The first detailed climate change projections for the ACT show the territory can expect hotter summers, warmer winters, drier springs and an increase in the number of days with severe fire weather, Minister for the Environment, Simon Corbell, said.
New climate change projections funded by the ACT and NSW governments and produced by the UNSW Climate Change Research Centre provide an unparalleled level of detail that will inform and drive actions to reduce the ACT’s vulnerability to climate change.
“The best minds in the field of climate change science were brought together as part of the NSW and ACT Regional Climate Modelling project to deliver these projections using the most advanced projection techniques,” Mr Corbell said.
“The ACT Government is proud to have worked with the NSW Office of Environment and Heritage and climate modellers at the University of NSW Climate Change Research Centre to deliver this world-leading research project.”
The NSW and ACT Regional Climate Modelling (NARCliM) research provides information down to the nearest 10 km, providing the finest detail yet of near future (2030) and far future (2070) climate projections.
The projections indicate that if the world continues warming at its current rate the ACT will warm by about 0.7oC during the near future (2020–2039), increasing to about 2 oC in the far future (2060–2079) with the number of hot days expected to increase.
The projections show up to five extra days above 35oC in the territory by 2030 and up to 20 extra days above that mark by 2070.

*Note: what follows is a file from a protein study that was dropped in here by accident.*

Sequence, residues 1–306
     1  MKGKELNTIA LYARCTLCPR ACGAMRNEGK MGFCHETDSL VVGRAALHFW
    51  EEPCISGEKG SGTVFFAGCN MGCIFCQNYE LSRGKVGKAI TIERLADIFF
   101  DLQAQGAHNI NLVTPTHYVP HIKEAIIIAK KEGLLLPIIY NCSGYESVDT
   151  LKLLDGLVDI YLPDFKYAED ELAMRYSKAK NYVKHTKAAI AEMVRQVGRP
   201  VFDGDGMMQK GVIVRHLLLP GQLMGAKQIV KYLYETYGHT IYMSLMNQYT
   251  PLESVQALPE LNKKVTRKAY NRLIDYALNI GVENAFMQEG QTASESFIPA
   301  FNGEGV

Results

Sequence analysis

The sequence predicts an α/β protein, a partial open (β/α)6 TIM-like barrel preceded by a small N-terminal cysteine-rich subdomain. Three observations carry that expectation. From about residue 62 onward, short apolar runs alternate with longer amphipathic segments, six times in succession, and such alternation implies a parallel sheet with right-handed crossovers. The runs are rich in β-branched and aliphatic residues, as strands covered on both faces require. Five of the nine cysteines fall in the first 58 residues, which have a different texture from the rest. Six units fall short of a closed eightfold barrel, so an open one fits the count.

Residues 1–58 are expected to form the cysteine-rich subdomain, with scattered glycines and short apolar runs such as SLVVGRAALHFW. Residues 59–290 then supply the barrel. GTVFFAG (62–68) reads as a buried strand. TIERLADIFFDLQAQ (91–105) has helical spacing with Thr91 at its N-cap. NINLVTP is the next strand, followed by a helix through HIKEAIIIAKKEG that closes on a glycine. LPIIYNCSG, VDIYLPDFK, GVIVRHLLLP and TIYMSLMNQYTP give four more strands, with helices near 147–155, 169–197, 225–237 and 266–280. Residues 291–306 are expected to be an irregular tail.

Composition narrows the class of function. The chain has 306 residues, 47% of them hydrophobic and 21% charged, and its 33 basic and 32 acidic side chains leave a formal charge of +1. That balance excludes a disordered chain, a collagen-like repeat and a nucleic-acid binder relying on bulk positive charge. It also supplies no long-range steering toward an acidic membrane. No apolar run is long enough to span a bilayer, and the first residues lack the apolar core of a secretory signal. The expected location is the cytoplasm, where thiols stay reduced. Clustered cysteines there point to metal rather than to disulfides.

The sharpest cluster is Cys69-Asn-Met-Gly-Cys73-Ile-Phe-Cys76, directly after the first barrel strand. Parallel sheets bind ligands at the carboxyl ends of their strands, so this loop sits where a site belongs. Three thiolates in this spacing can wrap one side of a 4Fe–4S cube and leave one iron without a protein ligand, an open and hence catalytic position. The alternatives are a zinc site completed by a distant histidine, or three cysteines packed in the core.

Rainfall in the ACT is projected to decrease in spring and increase in summer and autumn contributing to an increase in average fire weather in spring, summer and winter as well as an increase in the number of severe fire weather days in summer and spring.
“The NARCliM projections will inform planning for our emergency and health services and ensure our actions will maintain our city’s liveability by providing a built environment with amenity, green space, shade and shelter,” Mr Corbell said.
“The projections will help us to better care for those most vulnerable in our community and to protect and manage our natural environment such as our nationally significant woodland communities.”
The projections also show a reduction in the number of cold nights, with the territory expected to dip below 2 oC an average of 13 fewer times each year by 2030 and 43 fewer times each year by 2070.
“I commend the University of NSW for their work on these projections and look forward to continued collaboration as the challenges we face do not stop at the border and require a coordinated strategic approach to resolve,” Mr Corbell said.
“These projections highlight the need for a reduction in greenhouse gas emissions locally as part of a global effort. That is why the ACT is committed to its target of 90% renewable energy by 2020 as part of a 40% reduction in carbon emissions.”
(Simon Corbell Media Release)